Dayton VA Reveals Mobile Medical Simulator

$3.3M simulation lab to train VA health workers

The sprawling medical center also rolled out a $1 million mobile training laboratory, a one-of-a-kind vehicle found nowhere else within the VA’s vast nationwide hospital and clinic network, officials said Friday.

The 138-year-old medical campus also launched a virtual medical center to educate and treat patients and to train health care employees, but the project remains in development, officials said.

The simulation center inside the Dayton VA covers 17,000-square-feet with six simulation rooms, eight other medical-education-related rooms and a 125-seat auditorium.

“This is a very unique simulation center in that we really have the full spectrum of offerings,” said Dr. Rosalyn P. Scott, a VA medical advisor and brainchild behind the project.

Once the site of a Wright State University animal lab, today it’s filled with mannequins and electronic patient monitors to train health care workers, from cardiologist fellows to nurse practitioners. It also has nursing stations and supply rooms for medicine and equipment.

“We really can replicate not just the room the patient is in, but we can replicate the whole system,” Scott said.

“Really, just about every technique used in modern simulation is in this building,” said Dr. Margaret M. Dunn, dean of the Wright State Boonshoft College of Medicine and a former VA surgeon.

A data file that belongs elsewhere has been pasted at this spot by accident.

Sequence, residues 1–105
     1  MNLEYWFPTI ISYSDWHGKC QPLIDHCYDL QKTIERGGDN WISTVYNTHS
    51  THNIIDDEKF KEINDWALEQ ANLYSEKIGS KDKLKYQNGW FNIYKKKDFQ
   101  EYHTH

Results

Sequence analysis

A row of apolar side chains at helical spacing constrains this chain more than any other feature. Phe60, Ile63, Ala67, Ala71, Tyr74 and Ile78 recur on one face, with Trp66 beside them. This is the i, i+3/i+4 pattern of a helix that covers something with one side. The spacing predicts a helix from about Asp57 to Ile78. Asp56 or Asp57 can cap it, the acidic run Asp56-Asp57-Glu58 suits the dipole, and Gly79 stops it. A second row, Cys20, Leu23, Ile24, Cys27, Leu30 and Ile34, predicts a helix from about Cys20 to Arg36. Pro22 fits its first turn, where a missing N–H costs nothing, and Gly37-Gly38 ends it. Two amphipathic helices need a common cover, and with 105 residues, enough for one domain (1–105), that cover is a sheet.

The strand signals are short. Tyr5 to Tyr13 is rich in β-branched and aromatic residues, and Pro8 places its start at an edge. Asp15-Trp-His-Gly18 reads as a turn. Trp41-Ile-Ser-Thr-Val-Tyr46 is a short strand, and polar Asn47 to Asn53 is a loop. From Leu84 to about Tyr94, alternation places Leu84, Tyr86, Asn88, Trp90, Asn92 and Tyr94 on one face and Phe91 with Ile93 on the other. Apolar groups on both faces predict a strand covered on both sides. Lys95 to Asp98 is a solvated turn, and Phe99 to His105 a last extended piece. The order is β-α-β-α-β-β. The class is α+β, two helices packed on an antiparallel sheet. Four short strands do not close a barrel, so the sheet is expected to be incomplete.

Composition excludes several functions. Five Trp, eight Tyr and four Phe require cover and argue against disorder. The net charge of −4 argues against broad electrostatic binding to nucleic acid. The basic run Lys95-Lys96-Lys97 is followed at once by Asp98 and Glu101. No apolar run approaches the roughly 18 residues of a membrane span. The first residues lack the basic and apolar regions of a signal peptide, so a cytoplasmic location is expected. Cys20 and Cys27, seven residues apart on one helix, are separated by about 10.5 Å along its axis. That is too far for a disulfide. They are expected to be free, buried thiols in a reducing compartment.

In one simulation room, heart doctors in training can detect if a lifelike mannequin is having a heart attack and insert a heart stent and monitor vital information on a sonogram that peers inside a “patient’s” chest.

“The biggest benefit is you can practice and do no harm to a patient,” said Michael Stogsdill, a former Dayton VA simulation manager who demonstrated the technology. “If you make a mistake, you can reboot the computer and start over again.”

‘They actually become better practitioners at what they do because they’ve been able to see what they do (and) how people help them do it better,” Scott said. “And they’re also able to learn new skills in a safe, supportive environment rather than trying out something new practicing on a patient.”

To expand the number of people who are trained, the mobile lab will travel to VA hospitals throughout Ohio and parts of Indiana and Kentucky. “This is a very good example of being able to operate as an integrated network,” said Jack Hetrick, director of the VA Healthcare System of Ohio.

Inside a 47-foot long trailer are two simulation stations outfitted with human-like mannequins and a debriefing room where students review video recordings of how they performed.

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